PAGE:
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Russian military leaders have expressed concern about US plans
for a national missile defense system. Will defense technology be
limited by possibilities for a strategic imbalance? Is this just SDI
all over again?
(7273 previous messages)
- 08:38am Jul 20, 2001 EST (#7274
Leaders from the Group of Eight gather in the medieval Italian
city of Genoa on July 20-22 amid an atmosphere of concern about the
state of the global economy and trepidation about prospective
anti-globalisation protests. The eight - Canada, France, Germany,
Italy, Japan, Russia, the UK and the US - have seen major economic
and political change since they last met in Okinawa, with new
administrations in the host country, the US and Japan. As the
leaders seek ways of boosting world economic growth and rising to
the challenge of globalisation, the FT reports on the summit and its
Who are the G8 and why are they important? The Group of Eight
acts as a forum for discussion and consensus for the heads of state
of major industrial democracies. The grouping comprises Canada,
France, Germany, Italy, Japan, the UK and the US, alongside the G8's
latest addition, Russia.
What are the major issues that will be covered at the G8 summit?
The G8 summit in Genoa will review risks and challenges to the world
economy in light of the economic slowdown in US, vulnerability in
Argentina and Turkey and stagnation in Japan.
G8 security concerns With heads of state on the invite list and
thousands of protesters expected to gatecrash, security concerns
have given the city of Genoa the semblance of a city under siege.
A year on from Okinawa When the Group of Eight leaders last met
in the Japanese city of Okinawa last year, the US economy was in a
stable condition and the main item on the agenda was the 'Drop the
Kyoto split overshadows G8 summit Deep divisions between the US
and European Union over the Kyoto climate change protocol are "so
great" that this weekend's meeting of G8 leaders of industrialised
nations is expected to produce nothing more than an agreement to
disagree, a European official said on Wednesday. July 18, 2001 see
- 07:37pm Jul 20, 2001 EST (#7275
Blair - limousine provided locally
Bwsh - Cadilac from White House
Putin - black cabriolet Zill 111 (second series) Zil last
used by Nikita Khrushchev is a symbol of the days when Soviet
strength was at it's height - up against USA re space, Khrushchev
shoe banging at the UN, Cuban bay of pigs.
The Times via diplomat, suggests that Putn is deliberately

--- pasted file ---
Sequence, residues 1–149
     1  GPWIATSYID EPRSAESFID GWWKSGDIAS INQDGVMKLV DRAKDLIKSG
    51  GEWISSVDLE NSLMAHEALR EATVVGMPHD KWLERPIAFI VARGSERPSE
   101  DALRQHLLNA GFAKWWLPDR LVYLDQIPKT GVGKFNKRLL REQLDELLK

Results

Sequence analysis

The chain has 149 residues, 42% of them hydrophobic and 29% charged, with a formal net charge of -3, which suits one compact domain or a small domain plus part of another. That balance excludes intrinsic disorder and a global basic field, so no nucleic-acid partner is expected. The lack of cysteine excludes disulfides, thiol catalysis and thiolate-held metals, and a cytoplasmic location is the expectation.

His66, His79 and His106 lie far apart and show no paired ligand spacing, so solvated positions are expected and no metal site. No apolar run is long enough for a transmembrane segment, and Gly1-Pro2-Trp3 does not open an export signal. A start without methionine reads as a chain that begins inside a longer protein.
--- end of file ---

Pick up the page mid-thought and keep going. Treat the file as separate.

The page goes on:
stressing the continuity of Russian History by emphasising one of
the more enlightened periods of Soviet Rule.
- 07:52pm Jul 20, 2001 EST (#7276
Putin another Andropov? (18May2001)
When asked to compare President Vladimir Putin to a famous world
leader, 18.4 percent of Russians polled said he was most like late
Soviet leader Yury Andropov, the ROMIR agency said.
Out of 11 figures — from Russian emperor Peter the Great to
ex-U.S. President Bill Clinton — the most commonly cited was
Andropov. Like Putin, Andropov headed the country's secret police
before landing the top job in the nation — in his case, serving as
general-secretary of the Soviet Communist Party from 1982-84.
Some 37.5 percent said Putin did not resemble anyone, 6.8 percent
compared him to predecessor Boris Yeltsin, and 4.9 percent likened
him to Peter the Great. Only 2.4 percent said he was like Clinton.
ROMIR conducted the poll in April among 2,000 adults around the
country. ~ see
Iraq + Russia-defence
- 08:02pm Jul 20, 2001 EST (#7277
"Whether we know it or not, history's isness can be seen and
heard and felt in every scrap of our behaviour, our beliefs, our
prejudices, our popular culture. For there is history in every
note of music, in every word we utter, in every tool we use or
- 08:57am Jul 21, 2001 EST (#7278
Gatsby of Moscow As for Jordan, ''He is positioning himself as a
reincarnated Armand Hammer,'' a reference to the late California oil
magnate who did business with the Soviet Union. ''Someone who gets
most-favored-businessman status in exchange for services to the
The ''service'' in question took place early this year. At the
time, Gusinsky was under house arrest in Spain, fighting extradition
to Moscow, in deep financial trouble and feverishly negotiating with
Ted Turner for a last-minute bailout that would keep NTV from
falling into the hands of its but this was still not enough to
dethrone NTV's founder. Jordan, who had been following the situation
closely, saw ''an incredible opportunity.'' He approached Gazprom
and proposed breaking the impasse by brokering a deal with nother
minority NTV investor, the Los Angeles-based Capital Research and
Matthew Brzezinski is the author of ''Casino
Moscow,'' published this month by The Free Press.
- 09:51am Jul 21, 2001 EST (#7279
G8 Gu Thread
- 10:15am Jul 21, 2001 EST (#7280
Halting global warming is cheapest option
Acting soon will cost less than letting the temperature rise -
and delay will be catastrophic, UN expert says
Wind and solar power, hydrogen, fuel cells and other clean
technologies, adopted as they became viable, could produce 100% of
the world's energy needs.
Already the Norwegians were pumping liquid carbon dioxide deep
under the ocean bed, back into old oil and gas wells. It was a
cost-effective system paid for by a carbon tax.
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